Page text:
2016.4.25 Museums & Galleries
MMCA Deoksu Palace, Jung District
To May 8: Varlen Pen (1916-10), or Byeon Wol-lyong, was a rare successful painter of Korean descent in Russia. However, in the aftermath of the Cold War, few South Koreans have heard of the artist, who created not only socialist realist paintings that propagate the Communist values of the Soviet Union regime but also many portraits.
In efforts to help Koreans fill in the blanks in their understanding of 20th-century art history, the National Museum of Modern and Contemporary Art (MMCA) launched the first-ever large-scale retrospective of Pen.
About 200 of Pen’s paintings, etchings, lithographs and drawings are on view in the exhibition, which celebrates the artist’s 100th birthday. There are also 70 pieces of reference items, including Pen’s report to the Soviet Union’s Culture Ministry about his trip to North Korea.
Admission is 3,000 won ($2.60) for adults. It includes admission to Deoksu Palace. The palace is closed on Mondays. Go to Seoul City Hall Station, line No. 2, exit 10 and walk for five minutes.
(02) 2022-0600, www.mmca.go.kr
Seoul Museum of Art & Ilwoo Space,
To May 29: The exhibition features 210 photographic works from the collections of two French institutions - the Centre National des Arts Plastiques in Paris and Fonds Regional d’Art Contemporain Aquitaine in Bordeaux - as part of cultural events to celebrate the 130th year of Korea-France diplomatic ties.
As the title suggests, the large-scale photography show proposes an alternative to the monumental 1955 exhibition at the MoMA New York, “The Family of Man,” by presenting photos that focus on minorities or humans in out-of-the-ordinary conditions, based on the theory of the French philosopher Roland Barthes (1915-80).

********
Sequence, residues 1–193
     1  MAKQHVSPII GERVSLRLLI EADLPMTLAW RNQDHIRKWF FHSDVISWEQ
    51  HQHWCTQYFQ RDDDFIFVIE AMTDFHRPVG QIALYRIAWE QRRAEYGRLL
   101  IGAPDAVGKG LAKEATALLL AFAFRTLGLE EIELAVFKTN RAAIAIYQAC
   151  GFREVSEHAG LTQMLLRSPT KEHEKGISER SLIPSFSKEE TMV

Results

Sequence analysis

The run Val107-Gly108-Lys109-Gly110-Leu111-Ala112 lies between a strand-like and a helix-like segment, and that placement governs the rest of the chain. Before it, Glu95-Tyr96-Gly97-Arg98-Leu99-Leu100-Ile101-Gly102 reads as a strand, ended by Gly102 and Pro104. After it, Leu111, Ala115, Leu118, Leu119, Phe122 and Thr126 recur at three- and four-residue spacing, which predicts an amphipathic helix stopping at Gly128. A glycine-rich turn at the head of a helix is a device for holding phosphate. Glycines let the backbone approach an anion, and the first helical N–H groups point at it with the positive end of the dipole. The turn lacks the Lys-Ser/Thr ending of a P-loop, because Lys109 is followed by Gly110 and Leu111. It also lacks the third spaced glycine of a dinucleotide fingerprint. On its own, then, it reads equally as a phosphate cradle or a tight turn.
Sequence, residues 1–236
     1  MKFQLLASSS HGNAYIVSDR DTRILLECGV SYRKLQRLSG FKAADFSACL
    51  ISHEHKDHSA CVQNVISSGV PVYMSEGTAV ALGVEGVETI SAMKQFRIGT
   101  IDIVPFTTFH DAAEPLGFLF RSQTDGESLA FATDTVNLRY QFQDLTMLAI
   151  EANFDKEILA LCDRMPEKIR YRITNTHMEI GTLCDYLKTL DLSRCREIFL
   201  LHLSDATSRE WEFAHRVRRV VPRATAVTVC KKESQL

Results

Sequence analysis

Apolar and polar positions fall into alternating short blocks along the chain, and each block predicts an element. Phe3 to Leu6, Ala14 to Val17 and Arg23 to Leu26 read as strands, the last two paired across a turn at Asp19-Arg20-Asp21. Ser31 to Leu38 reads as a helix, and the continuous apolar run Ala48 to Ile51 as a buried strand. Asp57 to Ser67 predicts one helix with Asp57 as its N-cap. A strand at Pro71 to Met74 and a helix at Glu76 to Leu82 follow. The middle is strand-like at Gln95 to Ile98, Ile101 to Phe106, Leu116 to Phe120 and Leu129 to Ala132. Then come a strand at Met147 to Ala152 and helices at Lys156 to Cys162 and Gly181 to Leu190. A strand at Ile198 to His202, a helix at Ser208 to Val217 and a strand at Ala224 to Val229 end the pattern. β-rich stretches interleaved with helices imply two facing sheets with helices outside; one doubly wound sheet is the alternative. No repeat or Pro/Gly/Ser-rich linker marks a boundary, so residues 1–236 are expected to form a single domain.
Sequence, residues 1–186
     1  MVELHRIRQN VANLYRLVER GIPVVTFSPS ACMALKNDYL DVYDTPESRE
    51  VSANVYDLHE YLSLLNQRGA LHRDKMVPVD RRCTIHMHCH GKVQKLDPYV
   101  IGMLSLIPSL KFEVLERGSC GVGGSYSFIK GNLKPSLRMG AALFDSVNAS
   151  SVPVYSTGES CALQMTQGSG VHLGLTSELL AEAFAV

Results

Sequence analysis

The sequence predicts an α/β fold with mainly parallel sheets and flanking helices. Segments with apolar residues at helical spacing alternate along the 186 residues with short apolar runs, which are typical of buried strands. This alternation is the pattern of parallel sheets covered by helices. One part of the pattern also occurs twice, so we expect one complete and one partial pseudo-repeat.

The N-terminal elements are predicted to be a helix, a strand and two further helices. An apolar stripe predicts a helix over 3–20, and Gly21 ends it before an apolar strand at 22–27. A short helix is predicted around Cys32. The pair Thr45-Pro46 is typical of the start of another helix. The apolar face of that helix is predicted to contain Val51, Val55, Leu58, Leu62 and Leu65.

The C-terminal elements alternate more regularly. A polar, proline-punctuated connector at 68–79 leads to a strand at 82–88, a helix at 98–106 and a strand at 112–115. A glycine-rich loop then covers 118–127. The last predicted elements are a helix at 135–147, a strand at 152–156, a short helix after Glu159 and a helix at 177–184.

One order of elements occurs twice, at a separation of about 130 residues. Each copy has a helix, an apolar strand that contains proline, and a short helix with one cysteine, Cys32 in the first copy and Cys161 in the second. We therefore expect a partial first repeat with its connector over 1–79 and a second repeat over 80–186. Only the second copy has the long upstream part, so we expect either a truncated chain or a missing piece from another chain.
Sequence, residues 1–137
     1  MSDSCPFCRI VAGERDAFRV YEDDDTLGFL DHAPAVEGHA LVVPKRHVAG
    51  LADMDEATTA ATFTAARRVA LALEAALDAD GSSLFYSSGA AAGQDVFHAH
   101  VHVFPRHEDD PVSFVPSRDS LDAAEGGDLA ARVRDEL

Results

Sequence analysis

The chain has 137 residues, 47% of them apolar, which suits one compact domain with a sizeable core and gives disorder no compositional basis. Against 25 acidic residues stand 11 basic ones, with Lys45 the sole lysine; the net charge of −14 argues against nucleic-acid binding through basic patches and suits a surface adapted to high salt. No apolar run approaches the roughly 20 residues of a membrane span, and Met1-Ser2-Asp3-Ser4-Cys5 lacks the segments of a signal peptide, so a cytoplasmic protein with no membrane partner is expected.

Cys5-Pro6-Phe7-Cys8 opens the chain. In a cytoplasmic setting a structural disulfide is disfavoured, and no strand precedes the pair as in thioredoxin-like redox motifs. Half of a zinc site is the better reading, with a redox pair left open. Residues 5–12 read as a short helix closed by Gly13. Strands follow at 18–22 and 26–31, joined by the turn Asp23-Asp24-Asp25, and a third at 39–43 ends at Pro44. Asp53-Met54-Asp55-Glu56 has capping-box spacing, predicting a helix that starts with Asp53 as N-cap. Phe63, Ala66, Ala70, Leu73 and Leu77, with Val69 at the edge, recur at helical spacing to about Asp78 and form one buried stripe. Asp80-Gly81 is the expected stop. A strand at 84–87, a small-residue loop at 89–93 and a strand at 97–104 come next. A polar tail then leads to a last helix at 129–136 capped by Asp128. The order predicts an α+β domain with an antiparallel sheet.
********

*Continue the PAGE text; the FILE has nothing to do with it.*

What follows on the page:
The works on display include those by famous artists such as Walker Evans, Diane Arbus, Cindy Sherman, Jeff Koons, Robert Doisneau and Nobuyoshi Araki.
Admission is free. The museum is closed on Mondays. Go to Seoul City Hall Station, line No. 2, exit 10 and walk for five minutes.
(02) 2124-8800, sema.seoul.go.kr
LEE JUNG-SEOB DIED
Seoul Museum, Jongno District
To May 29: The exhibition features paintings and drawings by Lee Jung-seob (1916-56). Lee, who died young and in poverty, is one of the best-loved Korean modern artists for his paintings that combine Korean motifs and European Expressionist styles.
The show includes “Fighting Bulls,” “Bloody Bull” and “Bull.”
“The title of the exhibition shows our intention to remove all prejudices about Lee, whether positive or negative, and to resurrect him, as his 100th birthday falls this year,” museum founder Ahn Byung-gwang told reporters.
Admission is 9,000 won for adults and includes admission to the other shows going on at the museum and to Seokpajeong, the summer residence of King Gojong’s father, behind the museum.
The museum is closed on Mondays. Take bus Nos. 1020, 1711, 7016, 7018, 7022 or 7212 to the Jahamun Tunnel stop.
(02) 395-0100, www.seoulmuseum.org
Dongdaemun Design Plaza, Jung District
To June 30: The exhibition is a retrospective of French fashion designer Jean Paul Gaultier, famous for avant-garde styles including the iconic “cone bra” he created for music star Madonna in 1990.
The show features over 150 haute couture pieces as well as some ready-to-wear clothes he designed since his career began in 1976, including his latest creations inspired by Korean traditional clothes or hanbok.
The exhibition has been touring around the world since 2011. The Seoul exhibition was organized as one of the events to mark the 130th anniversary of Korea-France diplomatic ties as well as the 21st chapter of Hyundai Card’s cultural patronage projects.
Admission is 15,000 won. The venue is near exits 1 and 2 of Dongdaemun History and Culture Park Station (line Nos. 2, 4, and 5). www.superseries.kr
WRAP AROUND THE TIME
Nam June Paik Art Center,
To July 3: In memory of Nam June Paik (1932-2006), the Korean-born founder of video art, who passed away 10 years ago, the museum has invited 10 local and foreign curators from outside the museum. They include those whose jobs are not originally art curators such as a scientist, a novelist and a linguist.
Each of those 10 curators, along with the head of the museum, Suh Jin-suk, selected inspirational pieces from among the museum’s collection of Paik’s works. And then they each invited artists to create a new piece inspired by the Paik’s work, or an already created related work. The results comprise the exhibits. The works by Paik are on display on the first floor of the museum, and on the second floor are the works inspired by them.
Admission is 4,000 won. The museum is closed on Mondays. Take bus Nos. 5000 or 5005 from Seoul and get off at the Singal five-way intersection in Yongin.
(031) 201-8500, www.njpartcenter.kr